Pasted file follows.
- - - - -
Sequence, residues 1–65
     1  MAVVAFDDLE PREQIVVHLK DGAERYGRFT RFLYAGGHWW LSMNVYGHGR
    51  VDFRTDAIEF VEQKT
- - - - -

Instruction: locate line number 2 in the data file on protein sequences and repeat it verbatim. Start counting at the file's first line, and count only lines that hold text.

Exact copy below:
     1  MAVVAFDDLE PREQIVVHLK DGAERYGRFT RFLYAGGHWW LSMNVYGHGR